Everything you need to know about Philly's building tune-up policy

By Katie Bartolotta

Posted February 12, 2020

This past November, Philadelphia City Council passed the Building Energy Performance Policy - more commonly referred to as the Building Tune-Up bill - requiring owners of large buildings to conduct periodic tune-ups of their energy and water systems.

The legislation builds off the awareness of energy and water use in buildings fostered through the city’s benchmarking ordinance by requiring owners to complete low- and no-cost actions to make their buildings more efficient.

The city is actively developing the regulations that will fully define compliance requirements and the specifics of the program. Since it's still a work-in-progress, we would advise building owners to wait until the regulations have been published* to contract with a tune-up specialist.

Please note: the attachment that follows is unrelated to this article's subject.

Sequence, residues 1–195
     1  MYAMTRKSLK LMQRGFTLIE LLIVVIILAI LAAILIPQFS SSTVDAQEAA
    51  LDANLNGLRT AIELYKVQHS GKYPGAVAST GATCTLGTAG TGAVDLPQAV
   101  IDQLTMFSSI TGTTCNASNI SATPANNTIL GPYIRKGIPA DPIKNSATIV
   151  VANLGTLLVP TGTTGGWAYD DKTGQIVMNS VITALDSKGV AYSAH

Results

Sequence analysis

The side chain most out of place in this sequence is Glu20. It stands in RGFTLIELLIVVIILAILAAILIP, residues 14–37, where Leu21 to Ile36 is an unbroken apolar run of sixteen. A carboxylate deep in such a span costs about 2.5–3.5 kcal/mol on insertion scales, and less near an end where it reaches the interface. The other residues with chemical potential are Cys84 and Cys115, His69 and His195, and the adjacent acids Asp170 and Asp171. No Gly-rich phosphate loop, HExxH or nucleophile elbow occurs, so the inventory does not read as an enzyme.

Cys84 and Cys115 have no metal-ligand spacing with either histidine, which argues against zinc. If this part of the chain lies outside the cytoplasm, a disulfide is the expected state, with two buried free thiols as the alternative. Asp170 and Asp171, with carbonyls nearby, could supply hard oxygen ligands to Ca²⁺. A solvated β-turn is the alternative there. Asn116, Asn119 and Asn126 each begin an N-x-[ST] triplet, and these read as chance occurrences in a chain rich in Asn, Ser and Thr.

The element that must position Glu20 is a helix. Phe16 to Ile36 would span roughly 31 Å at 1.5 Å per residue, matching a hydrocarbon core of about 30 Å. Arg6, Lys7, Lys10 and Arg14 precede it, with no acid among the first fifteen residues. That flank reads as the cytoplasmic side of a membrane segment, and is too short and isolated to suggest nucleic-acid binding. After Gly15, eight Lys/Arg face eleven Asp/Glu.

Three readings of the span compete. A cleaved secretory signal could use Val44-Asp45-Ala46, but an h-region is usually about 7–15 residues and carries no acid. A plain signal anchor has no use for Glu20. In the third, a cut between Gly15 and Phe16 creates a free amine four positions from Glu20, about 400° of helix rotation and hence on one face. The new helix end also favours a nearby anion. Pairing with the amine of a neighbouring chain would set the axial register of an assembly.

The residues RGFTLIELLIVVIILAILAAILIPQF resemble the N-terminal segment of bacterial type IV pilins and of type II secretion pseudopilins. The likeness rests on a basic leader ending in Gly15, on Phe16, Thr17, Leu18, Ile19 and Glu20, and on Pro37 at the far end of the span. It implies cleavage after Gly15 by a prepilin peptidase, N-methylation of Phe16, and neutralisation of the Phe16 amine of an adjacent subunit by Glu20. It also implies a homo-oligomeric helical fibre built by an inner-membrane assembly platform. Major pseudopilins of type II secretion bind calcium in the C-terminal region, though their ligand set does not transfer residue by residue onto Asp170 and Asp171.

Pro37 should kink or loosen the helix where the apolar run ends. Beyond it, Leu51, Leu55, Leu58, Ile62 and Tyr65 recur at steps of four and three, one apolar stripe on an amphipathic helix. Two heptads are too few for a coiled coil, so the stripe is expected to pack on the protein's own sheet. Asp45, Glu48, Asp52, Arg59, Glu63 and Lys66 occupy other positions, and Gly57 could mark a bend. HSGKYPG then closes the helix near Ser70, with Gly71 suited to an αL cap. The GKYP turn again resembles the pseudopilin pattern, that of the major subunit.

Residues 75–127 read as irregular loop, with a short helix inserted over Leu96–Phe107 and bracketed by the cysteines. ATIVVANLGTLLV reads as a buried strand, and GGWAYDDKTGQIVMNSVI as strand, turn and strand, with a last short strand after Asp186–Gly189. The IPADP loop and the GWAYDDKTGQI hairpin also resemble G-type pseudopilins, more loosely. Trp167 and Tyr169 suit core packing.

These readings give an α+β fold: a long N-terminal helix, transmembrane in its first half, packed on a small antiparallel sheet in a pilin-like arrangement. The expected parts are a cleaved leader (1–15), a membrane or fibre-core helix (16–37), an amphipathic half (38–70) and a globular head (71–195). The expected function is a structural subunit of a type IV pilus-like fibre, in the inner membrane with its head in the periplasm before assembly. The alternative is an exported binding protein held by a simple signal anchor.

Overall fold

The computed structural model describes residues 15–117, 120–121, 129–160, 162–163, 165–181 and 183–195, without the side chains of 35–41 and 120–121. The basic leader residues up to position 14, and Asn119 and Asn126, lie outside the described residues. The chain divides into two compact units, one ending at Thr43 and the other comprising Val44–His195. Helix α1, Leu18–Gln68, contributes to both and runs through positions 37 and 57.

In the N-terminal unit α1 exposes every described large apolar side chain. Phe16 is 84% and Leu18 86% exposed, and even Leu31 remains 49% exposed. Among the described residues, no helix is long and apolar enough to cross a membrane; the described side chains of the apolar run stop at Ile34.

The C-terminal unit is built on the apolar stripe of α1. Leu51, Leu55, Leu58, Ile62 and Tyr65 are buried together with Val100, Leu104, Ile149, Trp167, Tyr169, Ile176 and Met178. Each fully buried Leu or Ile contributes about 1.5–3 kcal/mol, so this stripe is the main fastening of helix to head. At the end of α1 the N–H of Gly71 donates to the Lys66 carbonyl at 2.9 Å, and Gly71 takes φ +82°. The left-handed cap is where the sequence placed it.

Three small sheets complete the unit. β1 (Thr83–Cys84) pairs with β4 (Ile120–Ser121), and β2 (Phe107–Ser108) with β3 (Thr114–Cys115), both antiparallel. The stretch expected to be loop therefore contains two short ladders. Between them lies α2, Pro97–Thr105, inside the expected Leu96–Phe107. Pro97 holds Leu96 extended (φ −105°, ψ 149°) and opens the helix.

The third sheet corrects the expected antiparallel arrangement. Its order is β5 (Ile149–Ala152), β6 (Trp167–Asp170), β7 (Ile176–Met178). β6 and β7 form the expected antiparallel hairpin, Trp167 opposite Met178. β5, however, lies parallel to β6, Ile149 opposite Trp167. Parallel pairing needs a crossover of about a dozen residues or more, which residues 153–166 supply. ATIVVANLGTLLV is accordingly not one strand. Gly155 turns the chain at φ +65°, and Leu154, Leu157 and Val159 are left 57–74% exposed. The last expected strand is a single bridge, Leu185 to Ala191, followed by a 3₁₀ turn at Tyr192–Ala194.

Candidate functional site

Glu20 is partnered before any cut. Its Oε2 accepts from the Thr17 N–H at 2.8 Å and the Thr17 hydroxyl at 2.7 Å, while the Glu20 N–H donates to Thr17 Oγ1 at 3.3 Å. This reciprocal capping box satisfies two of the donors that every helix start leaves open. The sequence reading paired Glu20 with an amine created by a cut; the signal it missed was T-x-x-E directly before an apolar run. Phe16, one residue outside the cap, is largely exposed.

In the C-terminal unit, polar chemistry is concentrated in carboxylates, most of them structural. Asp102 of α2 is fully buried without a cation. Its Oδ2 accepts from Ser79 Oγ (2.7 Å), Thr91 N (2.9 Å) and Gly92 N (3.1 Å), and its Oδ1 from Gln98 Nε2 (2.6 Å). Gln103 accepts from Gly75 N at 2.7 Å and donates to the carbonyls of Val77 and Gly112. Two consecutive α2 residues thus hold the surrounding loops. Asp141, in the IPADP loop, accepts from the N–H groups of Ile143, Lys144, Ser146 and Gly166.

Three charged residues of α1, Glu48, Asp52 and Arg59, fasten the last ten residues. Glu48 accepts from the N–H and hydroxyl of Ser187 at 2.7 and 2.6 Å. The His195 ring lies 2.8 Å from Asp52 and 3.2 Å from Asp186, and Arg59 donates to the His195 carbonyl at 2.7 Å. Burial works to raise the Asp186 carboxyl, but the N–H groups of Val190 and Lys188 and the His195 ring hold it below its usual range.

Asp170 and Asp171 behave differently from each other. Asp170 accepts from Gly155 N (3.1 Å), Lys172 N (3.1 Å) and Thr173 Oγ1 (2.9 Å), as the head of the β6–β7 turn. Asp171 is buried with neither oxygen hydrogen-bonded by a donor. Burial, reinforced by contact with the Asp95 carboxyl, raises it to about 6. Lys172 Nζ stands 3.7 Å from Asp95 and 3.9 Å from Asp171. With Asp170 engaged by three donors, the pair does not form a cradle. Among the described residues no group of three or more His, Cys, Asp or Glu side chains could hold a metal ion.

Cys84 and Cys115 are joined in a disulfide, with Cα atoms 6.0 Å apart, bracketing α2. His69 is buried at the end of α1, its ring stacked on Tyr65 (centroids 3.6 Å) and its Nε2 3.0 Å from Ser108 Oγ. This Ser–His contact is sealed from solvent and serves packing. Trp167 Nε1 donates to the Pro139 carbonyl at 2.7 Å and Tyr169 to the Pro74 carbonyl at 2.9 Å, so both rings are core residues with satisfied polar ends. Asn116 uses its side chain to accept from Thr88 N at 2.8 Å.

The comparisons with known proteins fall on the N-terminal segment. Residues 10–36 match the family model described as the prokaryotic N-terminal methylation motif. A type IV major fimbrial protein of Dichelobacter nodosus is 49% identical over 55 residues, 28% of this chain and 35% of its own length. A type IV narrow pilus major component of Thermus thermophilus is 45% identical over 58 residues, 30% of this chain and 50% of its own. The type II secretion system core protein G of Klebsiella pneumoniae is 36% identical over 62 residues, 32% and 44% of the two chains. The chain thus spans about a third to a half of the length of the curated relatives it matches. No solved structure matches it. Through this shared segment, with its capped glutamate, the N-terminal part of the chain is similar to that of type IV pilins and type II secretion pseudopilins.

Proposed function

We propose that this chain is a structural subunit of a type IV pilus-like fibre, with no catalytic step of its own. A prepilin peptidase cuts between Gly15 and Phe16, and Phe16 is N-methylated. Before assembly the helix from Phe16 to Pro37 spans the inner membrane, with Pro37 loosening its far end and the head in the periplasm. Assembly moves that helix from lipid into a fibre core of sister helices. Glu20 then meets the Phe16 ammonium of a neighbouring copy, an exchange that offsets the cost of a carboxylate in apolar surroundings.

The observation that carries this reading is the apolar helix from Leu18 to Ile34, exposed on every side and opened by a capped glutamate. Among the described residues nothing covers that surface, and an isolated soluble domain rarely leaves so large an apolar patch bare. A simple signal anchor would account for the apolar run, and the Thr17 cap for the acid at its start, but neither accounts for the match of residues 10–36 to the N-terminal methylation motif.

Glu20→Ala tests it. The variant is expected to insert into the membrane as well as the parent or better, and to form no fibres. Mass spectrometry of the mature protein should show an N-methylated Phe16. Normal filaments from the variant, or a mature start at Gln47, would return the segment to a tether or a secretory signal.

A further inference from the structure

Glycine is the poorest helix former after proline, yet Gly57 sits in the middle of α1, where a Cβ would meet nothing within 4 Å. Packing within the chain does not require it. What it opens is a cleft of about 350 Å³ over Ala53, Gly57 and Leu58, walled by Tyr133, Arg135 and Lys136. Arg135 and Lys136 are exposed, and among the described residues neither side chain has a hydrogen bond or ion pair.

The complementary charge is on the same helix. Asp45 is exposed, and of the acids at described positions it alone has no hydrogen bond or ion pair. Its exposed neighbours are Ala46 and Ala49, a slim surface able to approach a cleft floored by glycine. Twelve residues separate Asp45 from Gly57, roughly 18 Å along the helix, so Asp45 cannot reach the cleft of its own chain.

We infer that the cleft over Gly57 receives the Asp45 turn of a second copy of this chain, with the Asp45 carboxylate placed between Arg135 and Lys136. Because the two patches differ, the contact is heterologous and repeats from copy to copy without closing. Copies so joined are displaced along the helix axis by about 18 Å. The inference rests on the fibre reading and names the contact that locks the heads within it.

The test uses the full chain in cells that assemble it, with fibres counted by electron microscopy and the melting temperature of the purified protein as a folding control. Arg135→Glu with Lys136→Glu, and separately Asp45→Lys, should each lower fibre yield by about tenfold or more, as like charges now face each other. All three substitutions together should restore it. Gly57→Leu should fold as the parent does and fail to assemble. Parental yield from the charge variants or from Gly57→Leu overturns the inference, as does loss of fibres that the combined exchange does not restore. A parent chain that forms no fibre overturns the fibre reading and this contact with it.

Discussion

*Regulations were published in October 2020. We wrote about the specifics in a blog post

Until then, here's what is certain based on language in the legislation:

Which buildings are subject to the ordinance?

The ordinance defines "covered buildings" as "any non-residential building with indoor floor space of at least 50,000 square feet." This is the same as the original group of buildings that were required to benchmark their energy and water use back in 2012. 


Which systems are required to undergo a tune up?

Base building systems must be inspected including "systems or subsystems of a building that use energy or impact energy consumption including building envelope, the HVAC (heating ventilating and air conditioning) systems, conveying systems, domestic hot water systems and electrical lighting systems."